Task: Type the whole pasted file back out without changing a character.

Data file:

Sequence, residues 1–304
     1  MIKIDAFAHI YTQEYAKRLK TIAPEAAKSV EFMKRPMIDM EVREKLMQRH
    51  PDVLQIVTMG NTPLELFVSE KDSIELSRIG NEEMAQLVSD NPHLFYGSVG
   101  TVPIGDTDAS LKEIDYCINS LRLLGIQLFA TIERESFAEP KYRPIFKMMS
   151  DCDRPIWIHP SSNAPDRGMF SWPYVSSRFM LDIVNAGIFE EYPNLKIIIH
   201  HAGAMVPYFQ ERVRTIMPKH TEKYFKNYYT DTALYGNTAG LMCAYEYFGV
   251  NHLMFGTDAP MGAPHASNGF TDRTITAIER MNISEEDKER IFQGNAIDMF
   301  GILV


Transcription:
Sequence, residues 1–304
     1  MIKIDAFAHI YTQEYAKRLK TIAPEAAKSV EFMKRPMIDM EVREKLMQRH
    51  PDVLQIVTMG NTPLELFVSE KDSIELSRIG NEEMAQLVSD NPHLFYGSVG
   101  TVPIGDTDAS LKEIDYCINS LRLLGIQLFA TIERESFAEP KYRPIFKMMS
   151  DCDRPIWIHP SSNAPDRGMF SWPYVSSRFM LDIVNAGIFE EYPNLKIIIH
   201  HAGAMVPYFQ ERVRTIMPKH TEKYFKNYYT DTALYGNTAG LMCAYEYFGV
   251  NHLMFGTDAP MGAPHASNGF TDRTITAIER MNISEEDKER IFQGNAIDMF
   301  GILV